Originally Posted by timmig
Okay okay---stop arguing and go out racing!!!
It WILL HELP racing to continue developing "SPEC" class's--and creating limits to technology to allow for very equal racing especially among the new and hobby racers. There will always be "open" class's for the all out hotshot racers--but there is ALWAYS a need for budget racing entry level class's and keeping OUT the proffessional sponsored racers from those class's.
Let's race and enjoy all levels---you'll find more participants will lead to better and more affordable products to race with.
It's so easy to compain, but we'd all do well to take timmig's reasonable advice.
I'm in the marketing biz and lemme tell you, every hobby/activity/sport is going through the same angst. The ones who think it through inevitably arrive at the same place -- you have to keep new people coming in, because older people will be going out.
When there are a million different ways to spend disposable income, activities succeed when desire meets opportunity. You have likely seen the "Go RVing" and "Take me fishing" campaigns. Those industries have pooled their resources to get people interested. A big part of those campaigns is a retail program that lowers the barriers to entry, whether they are cost or knowledge barriers. There isn't a big and well-funded RC association, so the responsibility falls to manufacturers, retailers, tracks and racers. Given the situation, RC hasn't done too poorly. The Slash class, VTA and other spec classes were started with the same idea in mind -- make it easy for newcomers to become active long-term participants.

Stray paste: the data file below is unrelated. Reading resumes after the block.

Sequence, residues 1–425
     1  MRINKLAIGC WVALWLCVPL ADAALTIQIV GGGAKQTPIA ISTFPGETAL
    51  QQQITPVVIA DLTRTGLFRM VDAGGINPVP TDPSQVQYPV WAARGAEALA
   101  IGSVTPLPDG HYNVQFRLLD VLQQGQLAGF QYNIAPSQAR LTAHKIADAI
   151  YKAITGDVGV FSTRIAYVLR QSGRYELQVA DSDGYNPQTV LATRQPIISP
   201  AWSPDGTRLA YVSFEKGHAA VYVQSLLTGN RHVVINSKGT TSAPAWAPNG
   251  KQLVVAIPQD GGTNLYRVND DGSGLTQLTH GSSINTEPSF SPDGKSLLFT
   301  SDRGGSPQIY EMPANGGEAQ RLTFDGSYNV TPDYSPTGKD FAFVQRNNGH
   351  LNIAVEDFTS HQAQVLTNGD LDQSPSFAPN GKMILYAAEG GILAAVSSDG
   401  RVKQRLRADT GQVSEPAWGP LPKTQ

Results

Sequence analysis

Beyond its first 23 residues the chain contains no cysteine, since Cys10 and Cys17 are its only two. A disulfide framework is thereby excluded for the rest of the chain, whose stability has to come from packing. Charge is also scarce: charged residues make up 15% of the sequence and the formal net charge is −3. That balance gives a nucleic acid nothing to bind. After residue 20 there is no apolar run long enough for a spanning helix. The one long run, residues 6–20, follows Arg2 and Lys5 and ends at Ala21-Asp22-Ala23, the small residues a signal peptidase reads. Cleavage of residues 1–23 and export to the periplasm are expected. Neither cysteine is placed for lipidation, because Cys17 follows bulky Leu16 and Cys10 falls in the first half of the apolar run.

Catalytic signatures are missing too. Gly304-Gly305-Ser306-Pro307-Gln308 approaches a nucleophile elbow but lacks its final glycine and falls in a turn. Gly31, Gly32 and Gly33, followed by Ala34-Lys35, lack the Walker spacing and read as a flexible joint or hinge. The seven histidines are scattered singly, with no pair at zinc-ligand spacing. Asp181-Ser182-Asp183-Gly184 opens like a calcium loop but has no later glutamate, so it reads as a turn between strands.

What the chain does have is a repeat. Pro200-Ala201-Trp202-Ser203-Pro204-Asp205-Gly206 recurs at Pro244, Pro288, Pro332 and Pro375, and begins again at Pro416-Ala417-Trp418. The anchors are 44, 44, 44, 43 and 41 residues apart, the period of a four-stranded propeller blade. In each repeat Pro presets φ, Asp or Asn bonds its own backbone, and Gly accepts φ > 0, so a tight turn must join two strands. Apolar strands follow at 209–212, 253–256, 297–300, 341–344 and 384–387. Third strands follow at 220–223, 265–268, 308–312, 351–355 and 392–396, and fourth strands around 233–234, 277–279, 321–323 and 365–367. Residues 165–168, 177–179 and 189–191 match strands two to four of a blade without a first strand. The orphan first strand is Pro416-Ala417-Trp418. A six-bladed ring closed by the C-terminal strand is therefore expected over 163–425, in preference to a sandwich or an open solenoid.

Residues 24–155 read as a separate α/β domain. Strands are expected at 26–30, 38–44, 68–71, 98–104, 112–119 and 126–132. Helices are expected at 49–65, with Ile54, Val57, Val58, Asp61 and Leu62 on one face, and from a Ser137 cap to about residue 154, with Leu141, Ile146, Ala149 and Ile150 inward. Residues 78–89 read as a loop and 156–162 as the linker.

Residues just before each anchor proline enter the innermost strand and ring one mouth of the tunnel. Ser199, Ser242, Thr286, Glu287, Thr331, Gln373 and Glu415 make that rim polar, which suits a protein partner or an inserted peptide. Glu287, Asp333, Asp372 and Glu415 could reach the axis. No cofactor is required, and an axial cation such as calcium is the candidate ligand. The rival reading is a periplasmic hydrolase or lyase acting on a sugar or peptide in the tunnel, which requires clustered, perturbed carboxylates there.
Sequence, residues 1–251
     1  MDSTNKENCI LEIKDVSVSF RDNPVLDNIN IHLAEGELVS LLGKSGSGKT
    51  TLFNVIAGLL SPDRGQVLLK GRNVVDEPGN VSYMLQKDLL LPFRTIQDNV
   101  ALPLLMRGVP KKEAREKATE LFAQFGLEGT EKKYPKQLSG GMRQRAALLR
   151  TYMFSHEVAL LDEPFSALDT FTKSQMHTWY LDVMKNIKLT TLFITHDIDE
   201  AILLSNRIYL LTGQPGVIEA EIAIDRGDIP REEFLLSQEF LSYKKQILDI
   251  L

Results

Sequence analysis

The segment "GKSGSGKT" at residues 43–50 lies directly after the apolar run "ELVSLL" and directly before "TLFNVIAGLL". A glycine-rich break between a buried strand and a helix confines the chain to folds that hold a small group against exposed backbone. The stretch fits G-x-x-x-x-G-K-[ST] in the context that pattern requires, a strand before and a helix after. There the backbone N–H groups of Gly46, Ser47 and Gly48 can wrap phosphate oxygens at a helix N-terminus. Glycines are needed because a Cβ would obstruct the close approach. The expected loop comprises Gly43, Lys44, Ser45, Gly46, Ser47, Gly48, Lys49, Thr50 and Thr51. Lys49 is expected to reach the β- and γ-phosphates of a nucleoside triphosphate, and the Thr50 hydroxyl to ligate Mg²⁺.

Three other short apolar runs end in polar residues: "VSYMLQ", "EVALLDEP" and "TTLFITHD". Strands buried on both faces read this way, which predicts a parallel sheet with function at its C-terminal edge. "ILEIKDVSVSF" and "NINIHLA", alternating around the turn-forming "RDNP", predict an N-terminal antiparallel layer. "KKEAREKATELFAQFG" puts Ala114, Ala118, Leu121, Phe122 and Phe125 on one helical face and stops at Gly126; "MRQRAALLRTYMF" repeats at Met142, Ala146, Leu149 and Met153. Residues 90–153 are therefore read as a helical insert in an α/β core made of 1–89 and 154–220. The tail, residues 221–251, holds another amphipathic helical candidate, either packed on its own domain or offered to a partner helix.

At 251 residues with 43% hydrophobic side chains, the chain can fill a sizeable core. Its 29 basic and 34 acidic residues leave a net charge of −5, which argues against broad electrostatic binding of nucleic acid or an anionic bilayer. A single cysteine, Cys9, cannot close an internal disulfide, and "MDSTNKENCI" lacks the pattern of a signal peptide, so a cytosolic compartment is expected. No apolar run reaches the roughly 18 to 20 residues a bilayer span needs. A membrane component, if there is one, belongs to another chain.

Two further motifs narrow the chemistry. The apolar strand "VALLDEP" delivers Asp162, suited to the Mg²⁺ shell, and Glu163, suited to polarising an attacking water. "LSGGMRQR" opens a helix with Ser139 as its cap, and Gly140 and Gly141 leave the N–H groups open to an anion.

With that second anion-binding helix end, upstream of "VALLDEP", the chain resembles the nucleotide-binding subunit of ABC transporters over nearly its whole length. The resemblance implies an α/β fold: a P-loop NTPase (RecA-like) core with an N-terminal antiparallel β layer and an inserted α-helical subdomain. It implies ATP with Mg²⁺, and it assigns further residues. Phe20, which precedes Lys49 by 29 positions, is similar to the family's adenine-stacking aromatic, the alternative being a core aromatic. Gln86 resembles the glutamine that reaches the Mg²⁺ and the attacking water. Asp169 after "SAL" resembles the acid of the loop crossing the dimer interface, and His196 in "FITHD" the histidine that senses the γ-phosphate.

Because spec classes should have appeal to the masses, they are by nature, trendy. VTA might not have worked 10 years ago. Slash might have been a flop if it waited until 2012. There might be a new spec class opportunity around the corner. One or more of the current spec classes might have a very long life span. As Yogi said, "Predictions are hard to make, especially about the future."
It's kind of pointless to argue about the suitability of one spec class over another -- the ones that work will be successful and the ones that don't will go away. The real issue is that there has to be SOME easy entry point that is relatively stable. A midseason newcomer should feel confident that he won't have to buy new gear for the next season.
In my limited experience, I've noted that most manufacturers, retailers, track owners and racers are eager and willing to help new people get into the hobby. It would be a shame if that positive buzz was killed by bickering over small stuff.